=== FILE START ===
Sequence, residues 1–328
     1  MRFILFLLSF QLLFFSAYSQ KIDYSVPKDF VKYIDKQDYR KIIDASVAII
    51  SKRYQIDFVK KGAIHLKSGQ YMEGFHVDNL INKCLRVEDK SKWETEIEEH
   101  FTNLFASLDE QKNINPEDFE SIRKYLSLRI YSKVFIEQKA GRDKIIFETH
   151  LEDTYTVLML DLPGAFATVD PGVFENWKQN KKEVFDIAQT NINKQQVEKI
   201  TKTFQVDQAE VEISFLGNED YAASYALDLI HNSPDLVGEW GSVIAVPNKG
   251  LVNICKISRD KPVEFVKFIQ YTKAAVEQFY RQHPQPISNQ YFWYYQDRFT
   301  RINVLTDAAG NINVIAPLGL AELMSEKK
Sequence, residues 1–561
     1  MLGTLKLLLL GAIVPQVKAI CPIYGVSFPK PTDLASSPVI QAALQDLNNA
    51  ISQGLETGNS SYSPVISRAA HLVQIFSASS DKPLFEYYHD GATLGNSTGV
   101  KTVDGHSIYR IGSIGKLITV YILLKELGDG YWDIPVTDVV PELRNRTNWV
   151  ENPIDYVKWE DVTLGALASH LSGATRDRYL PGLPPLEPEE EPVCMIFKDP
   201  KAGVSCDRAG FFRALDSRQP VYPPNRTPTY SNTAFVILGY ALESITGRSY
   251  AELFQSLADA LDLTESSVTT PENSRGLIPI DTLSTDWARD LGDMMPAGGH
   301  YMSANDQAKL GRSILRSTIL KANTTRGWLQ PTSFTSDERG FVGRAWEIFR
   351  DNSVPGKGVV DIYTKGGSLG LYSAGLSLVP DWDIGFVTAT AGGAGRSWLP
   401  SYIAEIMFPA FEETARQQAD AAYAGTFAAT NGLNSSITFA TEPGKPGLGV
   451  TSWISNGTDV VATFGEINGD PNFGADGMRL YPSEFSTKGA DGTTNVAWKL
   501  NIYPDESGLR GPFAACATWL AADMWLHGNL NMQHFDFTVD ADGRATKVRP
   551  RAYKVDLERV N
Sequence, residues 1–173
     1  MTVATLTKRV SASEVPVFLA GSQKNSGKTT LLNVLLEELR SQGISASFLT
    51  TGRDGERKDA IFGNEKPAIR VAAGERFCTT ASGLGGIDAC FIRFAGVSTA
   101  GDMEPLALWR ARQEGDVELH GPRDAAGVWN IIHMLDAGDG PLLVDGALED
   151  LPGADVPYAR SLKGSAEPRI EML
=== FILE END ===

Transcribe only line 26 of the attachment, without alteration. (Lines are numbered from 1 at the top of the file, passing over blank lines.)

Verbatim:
   151  LPGADVPYAR SLKGSAEPRI EML